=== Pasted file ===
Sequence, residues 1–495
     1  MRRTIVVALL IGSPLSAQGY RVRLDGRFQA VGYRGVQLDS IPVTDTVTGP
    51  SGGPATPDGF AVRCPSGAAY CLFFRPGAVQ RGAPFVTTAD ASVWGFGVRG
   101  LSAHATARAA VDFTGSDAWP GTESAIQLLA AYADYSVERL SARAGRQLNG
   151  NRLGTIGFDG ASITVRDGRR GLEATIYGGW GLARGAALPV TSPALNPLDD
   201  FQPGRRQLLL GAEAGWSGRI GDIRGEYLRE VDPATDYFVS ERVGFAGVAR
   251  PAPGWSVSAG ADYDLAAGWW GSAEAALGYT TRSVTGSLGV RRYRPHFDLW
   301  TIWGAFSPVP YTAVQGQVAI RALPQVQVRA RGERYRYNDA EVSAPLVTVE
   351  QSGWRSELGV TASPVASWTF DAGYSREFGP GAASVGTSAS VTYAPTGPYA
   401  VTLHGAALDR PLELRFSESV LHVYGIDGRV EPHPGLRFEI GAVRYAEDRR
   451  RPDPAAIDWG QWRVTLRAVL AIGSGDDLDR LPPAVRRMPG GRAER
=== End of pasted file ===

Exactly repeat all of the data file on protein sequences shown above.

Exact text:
Sequence, residues 1–495
     1  MRRTIVVALL IGSPLSAQGY RVRLDGRFQA VGYRGVQLDS IPVTDTVTGP
    51  SGGPATPDGF AVRCPSGAAY CLFFRPGAVQ RGAPFVTTAD ASVWGFGVRG
   101  LSAHATARAA VDFTGSDAWP GTESAIQLLA AYADYSVERL SARAGRQLNG
   151  NRLGTIGFDG ASITVRDGRR GLEATIYGGW GLARGAALPV TSPALNPLDD
   201  FQPGRRQLLL GAEAGWSGRI GDIRGEYLRE VDPATDYFVS ERVGFAGVAR
   251  PAPGWSVSAG ADYDLAAGWW GSAEAALGYT TRSVTGSLGV RRYRPHFDLW
   301  TIWGAFSPVP YTAVQGQVAI RALPQVQVRA RGERYRYNDA EVSAPLVTVE
   351  QSGWRSELGV TASPVASWTF DAGYSREFGP GAASVGTSAS VTYAPTGPYA
   401  VTLHGAALDR PLELRFSESV LHVYGIDGRV EPHPGLRFEI GAVRYAEDRR
   451  RPDPAAIDWG QWRVTLRAVL AIGSGDDLDR LPPAVRRMPG GRAER